Peter Elbling's The Vinégar Jonesy Chronicles


Click below to hear Mr. Vinégar and Jonesy read this passage.

The Fight by Jonesy

Mr. Vinégar

Peter Elbling Mr. Vinégar BlogWhatever anger I had felt toward Jonesy for the rip in the couch disappeared the moment I saw him limp in the following morning.  His left hind paw was covered in dried blood and, from the sad look on his face, I sensed he was in great pain.  I immediately pulled out the carrier to take him to the vet.  Usually, he ran and hid at the sight of it, but this time he crawled in meowing quietly, although as soon as we got into the car he yowled so loudly I was obliged to tune into a rock & roll station to drown him out.

The vet, a Dr. Thatcher said that Jonesy’s middle claw had been ripped out but that part of the flesh was still attached to the bone.  Apparently, when frightened, cats sometimes dig their claws into whatever is closest – in this case probably the sidewalk or something similar.  When Jonesy had tried to escape, the claw had been torn away.  Jonesy would have to be sedated so that the flesh could be cut away cleanly and the wound dressed.  The vet also said the gash had become infected and a shot of antibiotics would be needed to clear-up the infection.  I told him to do whatever was necessary and, after praising Jonesy for being a brave little trooper, left him in Dr. Thatcher’s care.

When I returned, Jonesy‘s foot had been bandaged and he was ready to be discharged.  I was given a supply of pills to mash into his food and told that Jonesy must not gnaw at the wound and had to be kept inside.  I knew this would be difficult for even as I drove home he somehow broke out of the carrier and crawled around the car howling and whining making it extremely difficult for me to drive.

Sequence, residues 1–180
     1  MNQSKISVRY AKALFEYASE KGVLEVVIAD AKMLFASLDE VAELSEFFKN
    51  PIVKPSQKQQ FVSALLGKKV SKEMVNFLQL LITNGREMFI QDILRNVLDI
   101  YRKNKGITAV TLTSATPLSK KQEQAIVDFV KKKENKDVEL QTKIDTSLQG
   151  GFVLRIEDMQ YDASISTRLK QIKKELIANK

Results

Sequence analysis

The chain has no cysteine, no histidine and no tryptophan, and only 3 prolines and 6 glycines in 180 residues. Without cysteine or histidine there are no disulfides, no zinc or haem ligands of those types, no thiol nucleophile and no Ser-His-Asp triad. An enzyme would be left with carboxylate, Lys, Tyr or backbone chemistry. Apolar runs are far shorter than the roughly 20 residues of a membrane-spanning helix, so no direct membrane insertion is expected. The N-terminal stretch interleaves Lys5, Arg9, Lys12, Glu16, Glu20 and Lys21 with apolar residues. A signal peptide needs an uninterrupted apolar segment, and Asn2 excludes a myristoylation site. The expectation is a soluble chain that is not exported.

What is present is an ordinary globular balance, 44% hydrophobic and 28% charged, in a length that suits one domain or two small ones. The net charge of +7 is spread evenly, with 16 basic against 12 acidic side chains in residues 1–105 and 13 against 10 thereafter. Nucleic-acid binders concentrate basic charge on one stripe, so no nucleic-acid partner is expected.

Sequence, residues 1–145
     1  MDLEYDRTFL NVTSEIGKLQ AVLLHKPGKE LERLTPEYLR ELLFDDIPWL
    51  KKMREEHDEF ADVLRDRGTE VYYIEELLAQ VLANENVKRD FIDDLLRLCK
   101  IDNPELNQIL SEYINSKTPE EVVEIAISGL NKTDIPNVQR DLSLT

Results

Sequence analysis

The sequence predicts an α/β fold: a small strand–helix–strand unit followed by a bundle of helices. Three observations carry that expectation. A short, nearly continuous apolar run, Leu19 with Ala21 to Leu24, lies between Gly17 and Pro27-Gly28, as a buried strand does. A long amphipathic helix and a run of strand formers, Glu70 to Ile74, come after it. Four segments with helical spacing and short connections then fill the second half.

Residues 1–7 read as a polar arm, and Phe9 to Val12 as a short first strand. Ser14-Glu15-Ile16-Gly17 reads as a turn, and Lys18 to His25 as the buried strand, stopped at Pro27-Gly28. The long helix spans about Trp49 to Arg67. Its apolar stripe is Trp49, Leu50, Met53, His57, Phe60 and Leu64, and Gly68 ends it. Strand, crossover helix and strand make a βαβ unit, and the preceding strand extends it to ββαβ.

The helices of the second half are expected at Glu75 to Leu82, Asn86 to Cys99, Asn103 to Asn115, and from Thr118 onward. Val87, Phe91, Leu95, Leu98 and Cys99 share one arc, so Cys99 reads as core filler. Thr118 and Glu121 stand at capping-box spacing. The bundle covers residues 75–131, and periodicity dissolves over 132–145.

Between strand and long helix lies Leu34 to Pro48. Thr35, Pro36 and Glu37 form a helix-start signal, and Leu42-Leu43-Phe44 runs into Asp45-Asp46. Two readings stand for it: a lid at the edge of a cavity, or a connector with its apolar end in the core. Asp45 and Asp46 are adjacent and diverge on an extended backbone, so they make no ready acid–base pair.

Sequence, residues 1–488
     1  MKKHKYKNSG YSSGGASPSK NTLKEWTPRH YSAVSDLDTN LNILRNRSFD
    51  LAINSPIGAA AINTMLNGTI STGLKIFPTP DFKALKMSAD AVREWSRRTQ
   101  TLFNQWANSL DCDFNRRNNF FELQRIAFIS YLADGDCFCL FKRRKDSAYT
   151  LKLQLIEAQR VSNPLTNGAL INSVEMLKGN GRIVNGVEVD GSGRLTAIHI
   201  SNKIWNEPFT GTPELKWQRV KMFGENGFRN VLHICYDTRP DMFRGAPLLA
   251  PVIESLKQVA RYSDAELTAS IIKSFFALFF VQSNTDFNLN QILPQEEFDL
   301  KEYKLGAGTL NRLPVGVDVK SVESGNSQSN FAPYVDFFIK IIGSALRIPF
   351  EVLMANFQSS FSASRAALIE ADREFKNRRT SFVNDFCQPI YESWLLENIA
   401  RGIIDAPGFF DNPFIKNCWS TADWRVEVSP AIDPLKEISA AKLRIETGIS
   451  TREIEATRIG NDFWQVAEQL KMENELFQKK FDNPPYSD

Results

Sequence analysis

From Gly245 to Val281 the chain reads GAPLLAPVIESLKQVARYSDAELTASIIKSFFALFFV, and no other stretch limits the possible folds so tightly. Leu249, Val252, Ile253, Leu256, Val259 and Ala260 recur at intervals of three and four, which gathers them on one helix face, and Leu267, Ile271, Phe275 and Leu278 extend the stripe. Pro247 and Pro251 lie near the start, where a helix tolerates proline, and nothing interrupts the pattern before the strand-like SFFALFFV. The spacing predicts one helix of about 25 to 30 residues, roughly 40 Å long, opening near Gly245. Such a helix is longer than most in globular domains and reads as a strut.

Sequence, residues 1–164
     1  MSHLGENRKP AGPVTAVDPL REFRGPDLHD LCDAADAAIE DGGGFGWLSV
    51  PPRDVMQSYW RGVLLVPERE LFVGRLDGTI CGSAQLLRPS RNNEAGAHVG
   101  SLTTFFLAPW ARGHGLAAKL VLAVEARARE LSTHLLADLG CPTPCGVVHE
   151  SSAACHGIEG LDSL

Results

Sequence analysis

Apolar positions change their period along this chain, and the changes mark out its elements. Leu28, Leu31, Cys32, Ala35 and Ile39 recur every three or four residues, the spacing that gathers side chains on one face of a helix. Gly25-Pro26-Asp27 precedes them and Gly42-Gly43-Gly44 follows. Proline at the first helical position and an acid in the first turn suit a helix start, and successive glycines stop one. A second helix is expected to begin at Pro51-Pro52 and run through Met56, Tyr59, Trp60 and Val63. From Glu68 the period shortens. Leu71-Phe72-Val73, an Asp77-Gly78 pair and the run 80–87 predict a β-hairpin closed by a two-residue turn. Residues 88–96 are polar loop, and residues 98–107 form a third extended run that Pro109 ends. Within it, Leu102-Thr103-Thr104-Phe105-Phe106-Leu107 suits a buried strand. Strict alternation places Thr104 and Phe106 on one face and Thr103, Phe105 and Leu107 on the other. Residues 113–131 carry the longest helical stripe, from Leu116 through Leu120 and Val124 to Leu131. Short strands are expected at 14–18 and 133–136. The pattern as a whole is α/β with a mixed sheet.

I hoped that the injury might curb his energy but it didn’t seem to affect it at all.  He sprang at the door every time I went out and when I came home I had to push him out of the way to make sure he didn’t escape.  I even showed him the veterinarian’s bill of $900 in the hope that this might encourage him to co-operate.  It did nothing of the sort.

Jonesy With BandageTwo days later we were standing in front of Dr Thatcher.  Jonesy had chewed the bandage off and was licking at the lesion.  It was just as well that we went.  The infection had spread to the pad of his paw and a stronger medication was now necessary.  A new bandage was put on, as well as a cone around his neck which was intended to prevent him from chewing the bandage off.  I don’t think I ever felt more sorry for Jonesy than when he tried to lick his neck, for he could only lick the cone and the harsh sound magnified his frustration.  I scratched his neck and head for him for which he seemed most grateful and for a short while we were almost as close as we had been when he was a kitten.